24/09/2008 - 22:00

Growth in local insolvency work

24/09/2008 - 22:00

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PERTH'S insolvency world is undergoing a restructuring of its own ahead of an expected rush of new business in the wake of the credit crunch and global banking crisis.

Growth in local insolvency work

PERTH'S insolvency world is undergoing a restructuring of its own ahead of an expected rush of new business in the wake of the credit crunch and global banking crisis.

Among the latest moves are Mel Ashton, who is taking a big role at KPMG, Vince Smith, who has shifted to Ernst & Young, and Jeff Herbert, who will next month become a partner in the new national PPB partnership.

Mr Ashton last worked directly in the insolvency sector with the WA practice PPB Ashton Read, but has most recently been running a mentoring business and joined several boards.

He will consult to KPMG and help them start up a reconstruction business in Perth that avoids direct involvement in administrations.

He will quit the Fremantle Dockers board after six years but remain with Gryphon Minerals Ltd, Venture Minerals Ltd and Empire Beer Group Ltd, including through the latter's progression into a cash box.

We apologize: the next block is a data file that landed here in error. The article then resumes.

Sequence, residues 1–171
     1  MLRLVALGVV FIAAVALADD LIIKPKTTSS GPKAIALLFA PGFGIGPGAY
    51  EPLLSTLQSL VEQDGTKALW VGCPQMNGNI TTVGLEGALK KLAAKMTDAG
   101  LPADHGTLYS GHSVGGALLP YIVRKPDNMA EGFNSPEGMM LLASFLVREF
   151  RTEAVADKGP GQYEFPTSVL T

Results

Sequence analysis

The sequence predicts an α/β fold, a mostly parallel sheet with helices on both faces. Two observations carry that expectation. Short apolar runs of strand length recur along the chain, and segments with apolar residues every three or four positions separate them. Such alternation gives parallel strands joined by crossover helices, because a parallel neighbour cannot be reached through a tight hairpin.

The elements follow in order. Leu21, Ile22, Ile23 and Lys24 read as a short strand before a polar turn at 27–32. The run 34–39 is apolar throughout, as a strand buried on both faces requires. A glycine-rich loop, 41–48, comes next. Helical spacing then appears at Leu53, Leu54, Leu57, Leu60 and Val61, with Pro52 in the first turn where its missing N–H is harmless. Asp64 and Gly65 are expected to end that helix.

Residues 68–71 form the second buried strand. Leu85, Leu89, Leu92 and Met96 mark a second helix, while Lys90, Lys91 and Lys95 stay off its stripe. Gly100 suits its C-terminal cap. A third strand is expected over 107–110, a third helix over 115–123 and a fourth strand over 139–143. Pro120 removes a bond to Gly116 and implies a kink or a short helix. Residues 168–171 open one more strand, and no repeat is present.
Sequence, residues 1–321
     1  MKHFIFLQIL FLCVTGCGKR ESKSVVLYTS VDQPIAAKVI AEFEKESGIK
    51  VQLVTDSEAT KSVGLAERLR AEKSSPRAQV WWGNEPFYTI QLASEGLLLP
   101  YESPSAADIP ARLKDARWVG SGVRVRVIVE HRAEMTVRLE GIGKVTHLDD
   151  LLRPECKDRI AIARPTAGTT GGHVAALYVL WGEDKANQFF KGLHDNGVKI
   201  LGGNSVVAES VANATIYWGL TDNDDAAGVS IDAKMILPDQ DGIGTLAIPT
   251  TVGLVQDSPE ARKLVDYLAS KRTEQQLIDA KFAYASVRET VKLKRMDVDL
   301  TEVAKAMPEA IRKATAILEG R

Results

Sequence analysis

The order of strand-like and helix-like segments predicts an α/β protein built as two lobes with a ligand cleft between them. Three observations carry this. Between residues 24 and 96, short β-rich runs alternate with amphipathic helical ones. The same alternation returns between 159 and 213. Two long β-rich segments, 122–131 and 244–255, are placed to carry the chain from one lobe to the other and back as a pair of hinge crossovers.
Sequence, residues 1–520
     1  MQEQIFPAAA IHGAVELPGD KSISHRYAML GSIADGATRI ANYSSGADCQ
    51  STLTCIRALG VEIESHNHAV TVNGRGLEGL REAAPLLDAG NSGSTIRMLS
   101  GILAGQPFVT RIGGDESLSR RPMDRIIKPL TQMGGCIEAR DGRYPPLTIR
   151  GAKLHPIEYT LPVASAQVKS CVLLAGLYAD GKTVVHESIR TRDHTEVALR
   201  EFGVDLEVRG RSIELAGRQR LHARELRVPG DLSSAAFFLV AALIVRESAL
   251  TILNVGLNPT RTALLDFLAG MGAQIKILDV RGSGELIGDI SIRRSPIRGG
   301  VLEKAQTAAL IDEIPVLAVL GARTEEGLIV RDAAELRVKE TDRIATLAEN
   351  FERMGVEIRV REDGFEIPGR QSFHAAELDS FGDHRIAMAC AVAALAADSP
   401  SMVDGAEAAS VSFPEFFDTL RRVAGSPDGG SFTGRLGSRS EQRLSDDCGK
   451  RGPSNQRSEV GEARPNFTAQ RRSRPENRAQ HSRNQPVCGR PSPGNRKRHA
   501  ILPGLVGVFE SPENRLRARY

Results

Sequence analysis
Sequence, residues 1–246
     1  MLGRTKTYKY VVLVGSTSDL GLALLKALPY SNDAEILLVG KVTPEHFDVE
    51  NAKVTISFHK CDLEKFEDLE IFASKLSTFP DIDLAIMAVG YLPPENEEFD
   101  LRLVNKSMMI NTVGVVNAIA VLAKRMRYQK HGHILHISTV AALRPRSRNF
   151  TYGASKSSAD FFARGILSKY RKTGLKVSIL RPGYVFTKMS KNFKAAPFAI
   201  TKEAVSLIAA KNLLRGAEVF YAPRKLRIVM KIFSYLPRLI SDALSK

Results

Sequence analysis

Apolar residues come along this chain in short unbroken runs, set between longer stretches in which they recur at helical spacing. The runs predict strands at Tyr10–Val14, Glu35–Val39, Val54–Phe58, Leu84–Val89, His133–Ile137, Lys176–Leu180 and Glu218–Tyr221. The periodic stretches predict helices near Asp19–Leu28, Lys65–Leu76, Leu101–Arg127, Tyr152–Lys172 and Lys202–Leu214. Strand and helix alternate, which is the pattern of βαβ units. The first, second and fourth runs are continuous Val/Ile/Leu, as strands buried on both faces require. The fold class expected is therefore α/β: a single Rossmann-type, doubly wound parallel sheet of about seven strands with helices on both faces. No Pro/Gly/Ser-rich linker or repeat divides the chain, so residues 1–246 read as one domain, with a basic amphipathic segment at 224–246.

Mr Smith left Pitcher Partners in 2007 to join Deloitte but signed up for Ernst & Young a few weeks back.

Mr Herbert said he had been focusing on forensic accounting and expert reports at his own firm, Calyx Consulting, but had already developed strong links to PPB. He believed the environment was going to be buoyant for insolvency, with cash-strapped firms likely to run into trouble as bank credit policies changed.

"We have seen all this before," Mr Herbert said.

Lavan Legal insolvency lawyer Dean Hely said he had seen the professional services sector gearing up for increased work in the area after several lean years, especially in WA, where the recent shortage of work had resulted in less people with specialist knowledge.

Mr Hely said that while quality resources companies with good assets were expected to be safe, many other sectors could struggle.

"It is in that second tier of the economy," he said. "It is a product of mismanagement.

"Previously some of that could be covered up by the generous lending terms of the banks, especially with private equity about, people could borrow themselves out of trouble."

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